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Henry & Lucretia Clay

Henry Clay and His Wife Lucretia


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Henry Clay (1777-1852)was an American statesman known as "The Great Compromiser." Clay was a congressman, senator, speaker of the house, and secretary of state. He was a major promoter of the Missouri Compromise in 1820, the compromise tariff of 1833 that ended the Nullification crisis, and the Compromise of 1850, all efforts to balance the rights of free and slave states. He was twice the unsuccessful Whig candidate for president. His wife, Lucretia Hart Clay, was the daughter of Colonel Thomas Hart. They had eleven children -- six daughters and five sons.


Notes for Lucretia (Hart) Clay:

History of Kentucky Vol. 3, William Elsey Connelley (American Historical Society 1922)


The following account of Lucretia Hart Clay, wife of Henry Clay, is abridged from a paper written by Susan M. Clay, her daughter in-law:


"Every now and then we see in a book or newspaper some slighting allusion to the wife of Henry Clay, who is spoken of as inferior in birth mind, education, etc., to her distinguished husband. This is, possibly, owing to the fact that for eighteen years she did not accompany him to Washington, but led a quiet, almost secluded life at Ashland.


"As a daughter-in-law of Mrs. Clay and one who was intimately associated with her I feel it is due to her memory that I should correct these false impressions. I am now an old woman, in my eightythird year, and, therefore, can not attempt to elaborate my sketch of Mrs. Clay and her antecedents, but will give the bare, plain facts, the absolute truth as I know it to be."


Lucretia Hart Clay was a daughter of Col. Thomas Hart and Susanna Gray. The Hart family was established in Hanover County, Virginia, in 1690. The only son of a pioneer was Thomas Hart, who married Susanna Rice, and their oldest son was Col. Thomas Hart, who was born in 1730 and accompanied his mother and the other children to North Carolina in 1760. He became prominent in the Colonial and Revolutionary history of North Carolina, being a member of the Provincial Congress at New Bern of August 25, 1774, also attended the Convention of April 4, 1775, and was a delegate to the Assembly at Hillsboro August 21, 1775. He was an officer in the Revolutionary army, and was a member of the famous Transylvania Company.  His brother, Captain Nathaniel Hart, was killed by the Indians near Boonesboro, Kentucky in 1782, and it was Susanna, daughter of Capt. Nathaniel, who married Col. Isaac Shelby, first governor of Kentucky. Col. Thomas Hart reared in his home his orphan niece, Ann, who became the wife of Jesse Benton, and her oldest son was the famous Thomas Hart Benton, the distinguished United States senator from Missouri.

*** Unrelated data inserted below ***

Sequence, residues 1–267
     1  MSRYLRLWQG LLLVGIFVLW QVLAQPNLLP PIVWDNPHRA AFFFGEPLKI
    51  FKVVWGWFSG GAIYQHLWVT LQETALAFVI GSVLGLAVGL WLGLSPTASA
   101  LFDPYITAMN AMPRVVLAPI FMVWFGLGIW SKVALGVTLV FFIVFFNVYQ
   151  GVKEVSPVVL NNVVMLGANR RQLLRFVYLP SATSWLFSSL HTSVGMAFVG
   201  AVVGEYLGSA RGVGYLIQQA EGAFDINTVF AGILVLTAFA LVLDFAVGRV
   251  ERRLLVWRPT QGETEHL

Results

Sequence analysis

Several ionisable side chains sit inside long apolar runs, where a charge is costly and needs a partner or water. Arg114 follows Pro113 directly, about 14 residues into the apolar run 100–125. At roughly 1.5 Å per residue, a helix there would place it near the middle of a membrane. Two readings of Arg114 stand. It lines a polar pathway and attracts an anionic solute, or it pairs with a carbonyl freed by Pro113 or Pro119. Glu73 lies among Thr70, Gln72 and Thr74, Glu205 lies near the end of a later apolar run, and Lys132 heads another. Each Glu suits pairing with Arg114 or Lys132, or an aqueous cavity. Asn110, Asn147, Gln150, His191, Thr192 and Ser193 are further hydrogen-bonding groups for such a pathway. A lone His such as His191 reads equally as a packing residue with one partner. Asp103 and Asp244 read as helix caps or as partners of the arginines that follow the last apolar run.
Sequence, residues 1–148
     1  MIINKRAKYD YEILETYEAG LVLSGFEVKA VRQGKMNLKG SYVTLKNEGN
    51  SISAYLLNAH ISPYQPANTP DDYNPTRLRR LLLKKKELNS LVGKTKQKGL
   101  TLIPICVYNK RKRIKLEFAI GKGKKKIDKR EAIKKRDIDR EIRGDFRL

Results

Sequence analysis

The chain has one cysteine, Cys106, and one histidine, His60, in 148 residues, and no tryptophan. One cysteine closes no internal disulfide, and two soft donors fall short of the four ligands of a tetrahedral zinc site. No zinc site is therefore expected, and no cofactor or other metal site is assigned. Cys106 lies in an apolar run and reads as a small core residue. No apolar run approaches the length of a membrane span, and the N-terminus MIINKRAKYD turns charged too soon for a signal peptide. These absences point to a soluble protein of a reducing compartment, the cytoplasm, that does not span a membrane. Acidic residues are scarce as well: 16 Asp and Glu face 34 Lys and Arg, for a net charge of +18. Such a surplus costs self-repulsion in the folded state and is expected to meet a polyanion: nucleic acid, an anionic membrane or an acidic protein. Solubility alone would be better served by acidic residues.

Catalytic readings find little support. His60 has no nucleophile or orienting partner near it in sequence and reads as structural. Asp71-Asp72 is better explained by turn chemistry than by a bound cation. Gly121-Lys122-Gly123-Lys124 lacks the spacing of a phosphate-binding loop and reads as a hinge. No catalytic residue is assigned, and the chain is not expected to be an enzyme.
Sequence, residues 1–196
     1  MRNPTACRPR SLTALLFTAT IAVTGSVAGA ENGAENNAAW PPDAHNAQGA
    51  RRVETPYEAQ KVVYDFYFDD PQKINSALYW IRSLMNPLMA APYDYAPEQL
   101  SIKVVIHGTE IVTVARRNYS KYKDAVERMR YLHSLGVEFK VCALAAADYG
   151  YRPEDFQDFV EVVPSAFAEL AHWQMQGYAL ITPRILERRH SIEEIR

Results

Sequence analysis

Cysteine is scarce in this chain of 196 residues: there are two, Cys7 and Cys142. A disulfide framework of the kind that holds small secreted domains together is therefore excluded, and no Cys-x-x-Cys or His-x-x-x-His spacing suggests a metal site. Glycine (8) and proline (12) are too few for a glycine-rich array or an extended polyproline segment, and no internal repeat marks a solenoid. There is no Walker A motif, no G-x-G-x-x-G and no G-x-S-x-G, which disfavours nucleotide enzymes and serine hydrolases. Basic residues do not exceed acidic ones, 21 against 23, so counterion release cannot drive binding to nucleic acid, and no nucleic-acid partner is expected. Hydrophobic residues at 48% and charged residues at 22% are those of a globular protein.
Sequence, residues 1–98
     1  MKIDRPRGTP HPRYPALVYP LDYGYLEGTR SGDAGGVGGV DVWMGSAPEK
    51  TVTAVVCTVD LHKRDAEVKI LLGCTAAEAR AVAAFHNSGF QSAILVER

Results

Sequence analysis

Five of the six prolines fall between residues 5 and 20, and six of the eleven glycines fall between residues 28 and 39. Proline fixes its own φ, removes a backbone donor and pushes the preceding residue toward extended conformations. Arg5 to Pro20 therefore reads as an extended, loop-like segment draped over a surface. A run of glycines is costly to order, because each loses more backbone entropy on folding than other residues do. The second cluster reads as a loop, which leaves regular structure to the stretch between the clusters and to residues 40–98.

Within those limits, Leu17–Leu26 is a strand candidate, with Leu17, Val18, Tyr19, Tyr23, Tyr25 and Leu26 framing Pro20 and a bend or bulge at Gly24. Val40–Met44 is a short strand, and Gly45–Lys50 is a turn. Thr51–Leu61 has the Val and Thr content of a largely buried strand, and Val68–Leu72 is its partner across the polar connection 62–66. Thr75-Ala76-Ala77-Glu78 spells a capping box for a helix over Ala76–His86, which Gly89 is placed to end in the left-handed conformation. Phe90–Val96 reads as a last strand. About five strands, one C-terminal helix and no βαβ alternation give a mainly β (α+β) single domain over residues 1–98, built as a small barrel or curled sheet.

Lucretia Hart Clay's mother was Susanna Gray, an heiress, only child of Col. John Gray and granddaughter of John Gray Sr., who came to this country with Governor Gabriel Johnston in 1734 and settled in North Carolina. His son, Col. John Gray, was born in 1724 and died in 1775. He was a loyalist and is said to have opposed the marriage of his daughter on the ground that Colonel Hart was a rebel.


Col. Thomas Hart lived in North Carolina until 1780, when he moved to Hagerstown, Maryland, where his daughter, Lucretia, was born March 18, 1781. In 1794 he removed from Hagerstown to Lexington, Kentucky, where he died in 1808. He was the father of three sons and four daughters. His son, Capt. Nathaniel Hart, commanded the Lexington Light Infantry in the War of 1812, and was wounded and taken Prisoner at the battle of the River Raisin and massacred by the Indians.  His oldest daughter married Dr. Richard Pindell, a surgeon in the Revolutionary army. The second daughter married Samuel Price, a lawyer, and she was the mother of Mrs. Marshall, wife of Chief Justice Thomas A. Marshall, of Kentucky.  The third daughter married James A. Brown, United States senator from Louisiana and afterward minister to France during two administrations.